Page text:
How tree crickets use leaves to amplify mating calls

The insects follow three rules to  

How do you find a mate when you are just two centimetres in size and there aren’t very many who match your profile?

An old trick is to draw attention to yourself by creating a lot of noise. But the tiny tree crickets have taken this a step further: they amplify their mating calls using loudspeakers that they themselves build using leaves.

Now, scientists have discovered that the loudspeakers they make are almost maximally optimised for the purpose at hand: transform any given leaf into the best ‘amplifier’ it could be.

A contraption

When these ingenious insects rub their wings together to generate sound, they also engineer a biological contraption known as a ‘baffle,’ which increases its volume.

They do this by cutting a neat hole near the centre of a leaf, adjusting themselves within the hole, and flapping their wings against the leaf surface, thereby using it as a megaphone.

A group of scientists from the United Kingdom and India studied how these insects (male Oecanthus henryi) selected the leaves and cut the holes. The findings were published recently in the journal eLife.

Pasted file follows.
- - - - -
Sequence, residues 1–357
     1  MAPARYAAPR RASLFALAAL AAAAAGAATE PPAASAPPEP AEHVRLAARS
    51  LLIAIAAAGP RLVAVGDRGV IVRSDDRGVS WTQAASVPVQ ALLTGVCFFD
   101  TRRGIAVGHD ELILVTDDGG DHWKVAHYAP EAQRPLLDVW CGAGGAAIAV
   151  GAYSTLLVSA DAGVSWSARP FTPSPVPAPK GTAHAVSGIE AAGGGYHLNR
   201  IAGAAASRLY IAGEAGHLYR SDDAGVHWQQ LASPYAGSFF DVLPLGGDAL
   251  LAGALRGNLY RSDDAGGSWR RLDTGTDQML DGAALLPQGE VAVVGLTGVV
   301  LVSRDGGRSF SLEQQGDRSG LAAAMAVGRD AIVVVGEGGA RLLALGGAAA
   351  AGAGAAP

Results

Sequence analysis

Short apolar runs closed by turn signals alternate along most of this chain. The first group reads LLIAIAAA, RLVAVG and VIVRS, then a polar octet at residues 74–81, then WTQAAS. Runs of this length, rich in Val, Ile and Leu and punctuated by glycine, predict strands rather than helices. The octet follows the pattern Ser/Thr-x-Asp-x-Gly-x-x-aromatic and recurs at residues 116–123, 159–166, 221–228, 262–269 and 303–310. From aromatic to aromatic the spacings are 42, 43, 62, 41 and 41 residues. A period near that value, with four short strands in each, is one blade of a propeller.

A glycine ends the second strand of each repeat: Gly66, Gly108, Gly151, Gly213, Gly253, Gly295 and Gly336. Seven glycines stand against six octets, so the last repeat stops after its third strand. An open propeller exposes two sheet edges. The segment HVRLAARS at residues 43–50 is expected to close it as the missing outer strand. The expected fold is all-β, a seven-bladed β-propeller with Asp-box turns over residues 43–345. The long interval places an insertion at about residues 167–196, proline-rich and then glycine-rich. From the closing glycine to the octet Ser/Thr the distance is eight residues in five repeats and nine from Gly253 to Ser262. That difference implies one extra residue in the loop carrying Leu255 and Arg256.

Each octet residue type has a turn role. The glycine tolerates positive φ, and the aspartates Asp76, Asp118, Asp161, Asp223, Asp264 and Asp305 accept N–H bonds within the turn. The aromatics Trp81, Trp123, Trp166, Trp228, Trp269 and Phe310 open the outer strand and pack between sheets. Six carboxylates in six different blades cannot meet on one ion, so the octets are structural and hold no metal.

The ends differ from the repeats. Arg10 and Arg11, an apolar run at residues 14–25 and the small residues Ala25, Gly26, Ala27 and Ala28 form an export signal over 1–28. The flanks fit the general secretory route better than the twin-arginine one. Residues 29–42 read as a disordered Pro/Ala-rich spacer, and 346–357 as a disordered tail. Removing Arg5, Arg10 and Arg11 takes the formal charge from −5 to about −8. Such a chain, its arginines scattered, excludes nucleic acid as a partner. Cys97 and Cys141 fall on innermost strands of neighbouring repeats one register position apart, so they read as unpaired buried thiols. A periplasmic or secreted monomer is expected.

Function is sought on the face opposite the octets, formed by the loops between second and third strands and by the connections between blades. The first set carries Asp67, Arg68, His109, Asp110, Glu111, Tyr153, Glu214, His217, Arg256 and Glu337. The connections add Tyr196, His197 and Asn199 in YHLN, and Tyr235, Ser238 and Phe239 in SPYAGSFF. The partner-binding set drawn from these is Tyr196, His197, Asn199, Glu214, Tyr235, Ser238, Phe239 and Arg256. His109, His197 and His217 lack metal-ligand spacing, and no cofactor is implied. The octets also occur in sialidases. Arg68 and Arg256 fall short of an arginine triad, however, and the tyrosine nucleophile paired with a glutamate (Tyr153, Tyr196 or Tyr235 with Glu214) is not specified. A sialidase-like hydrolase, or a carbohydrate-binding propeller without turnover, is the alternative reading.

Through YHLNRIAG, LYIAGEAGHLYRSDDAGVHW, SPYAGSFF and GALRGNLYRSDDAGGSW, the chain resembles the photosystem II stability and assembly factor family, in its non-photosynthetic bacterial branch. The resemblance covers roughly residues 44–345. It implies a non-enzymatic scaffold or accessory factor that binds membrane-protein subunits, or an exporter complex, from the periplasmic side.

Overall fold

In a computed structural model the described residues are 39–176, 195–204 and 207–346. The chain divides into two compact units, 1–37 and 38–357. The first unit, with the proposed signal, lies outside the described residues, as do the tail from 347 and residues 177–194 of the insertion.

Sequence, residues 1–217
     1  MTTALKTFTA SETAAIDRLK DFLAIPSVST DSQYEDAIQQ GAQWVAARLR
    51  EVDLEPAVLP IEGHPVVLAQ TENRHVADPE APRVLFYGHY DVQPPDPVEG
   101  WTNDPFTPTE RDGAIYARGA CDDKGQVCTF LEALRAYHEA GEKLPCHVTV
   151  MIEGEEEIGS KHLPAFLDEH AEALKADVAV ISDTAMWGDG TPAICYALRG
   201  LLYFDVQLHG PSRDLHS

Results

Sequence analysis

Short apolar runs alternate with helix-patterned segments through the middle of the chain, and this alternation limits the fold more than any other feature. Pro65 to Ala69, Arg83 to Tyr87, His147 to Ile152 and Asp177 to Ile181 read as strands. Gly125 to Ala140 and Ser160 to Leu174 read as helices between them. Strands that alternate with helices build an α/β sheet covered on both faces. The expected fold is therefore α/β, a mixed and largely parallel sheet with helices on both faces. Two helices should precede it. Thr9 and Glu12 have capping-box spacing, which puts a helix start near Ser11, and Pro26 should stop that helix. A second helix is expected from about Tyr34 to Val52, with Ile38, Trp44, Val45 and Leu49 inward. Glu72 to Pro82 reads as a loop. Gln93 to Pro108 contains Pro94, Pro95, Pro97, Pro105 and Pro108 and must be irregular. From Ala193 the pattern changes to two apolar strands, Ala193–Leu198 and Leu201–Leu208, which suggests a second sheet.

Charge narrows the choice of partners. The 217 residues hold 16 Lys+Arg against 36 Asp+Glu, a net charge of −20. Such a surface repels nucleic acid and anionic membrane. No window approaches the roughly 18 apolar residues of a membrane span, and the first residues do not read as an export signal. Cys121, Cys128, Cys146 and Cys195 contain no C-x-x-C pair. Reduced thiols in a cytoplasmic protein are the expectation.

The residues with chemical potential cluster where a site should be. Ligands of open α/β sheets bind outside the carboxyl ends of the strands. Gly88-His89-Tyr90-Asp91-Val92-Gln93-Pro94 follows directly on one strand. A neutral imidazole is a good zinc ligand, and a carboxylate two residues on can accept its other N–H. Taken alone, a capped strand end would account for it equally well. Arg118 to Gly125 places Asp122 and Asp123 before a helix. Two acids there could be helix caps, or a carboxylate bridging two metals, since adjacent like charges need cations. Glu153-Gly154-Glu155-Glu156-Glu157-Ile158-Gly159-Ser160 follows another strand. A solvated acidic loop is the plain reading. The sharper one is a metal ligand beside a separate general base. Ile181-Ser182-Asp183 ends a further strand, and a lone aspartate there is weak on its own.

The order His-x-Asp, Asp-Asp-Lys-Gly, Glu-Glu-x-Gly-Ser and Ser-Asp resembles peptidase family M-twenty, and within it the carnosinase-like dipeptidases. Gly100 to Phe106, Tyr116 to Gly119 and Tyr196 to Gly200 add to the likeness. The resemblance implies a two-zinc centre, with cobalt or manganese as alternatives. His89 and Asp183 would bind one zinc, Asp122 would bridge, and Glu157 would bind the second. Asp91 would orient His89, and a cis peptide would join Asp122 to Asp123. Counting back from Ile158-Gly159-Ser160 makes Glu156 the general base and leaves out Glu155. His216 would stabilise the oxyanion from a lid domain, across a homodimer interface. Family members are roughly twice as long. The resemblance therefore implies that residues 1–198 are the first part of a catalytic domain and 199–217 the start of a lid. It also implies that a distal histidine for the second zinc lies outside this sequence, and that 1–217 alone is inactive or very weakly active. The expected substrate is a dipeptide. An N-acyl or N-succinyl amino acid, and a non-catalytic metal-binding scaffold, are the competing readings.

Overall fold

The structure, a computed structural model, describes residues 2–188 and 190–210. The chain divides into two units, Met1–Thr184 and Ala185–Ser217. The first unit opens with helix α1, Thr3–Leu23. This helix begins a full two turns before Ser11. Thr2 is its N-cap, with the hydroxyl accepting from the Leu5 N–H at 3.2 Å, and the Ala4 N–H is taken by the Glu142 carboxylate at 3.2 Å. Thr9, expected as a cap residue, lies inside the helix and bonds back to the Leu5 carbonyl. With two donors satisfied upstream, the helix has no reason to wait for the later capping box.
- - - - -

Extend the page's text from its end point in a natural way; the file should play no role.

The team observed that the insects always followed three design rules for making the baffle: use the largest available leaf; make a hole the size of the wings and place the wings at the centre; and make the hole as close to the centre of the leaf as possible.

They invariably select the best leaf and modify it appropriately, all in a single attempt.

“Brain size is often conflated with intelligence. We ought to look at insects a bit harder and even what we think is stereotyped may not be so. Making baffles is almost certainly an inherited behaviour....and not really studied that much. When given a choice of two leaves, they always pick the bigger. They exercise what we call material selectivity. When it’s hard to find large leaves, they don’t waste time on the small leaves that make poor baffles,” writes Natasha Mhatre, who was part of the team at the University of Bristol, that conducted the study and the first author of the paper.

In an email to The Hindu, Rittik Deb of the Centre for Ecological Sciences, Indian Institute of Science, and co-author of the paper, says: “The discovery that tree crickets can optimise acoustic baffles means we are just about beginning to tap into under-appreciated intelligence of insects.”

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Printable version | Sep 25, 2021 11:51:29 PM |

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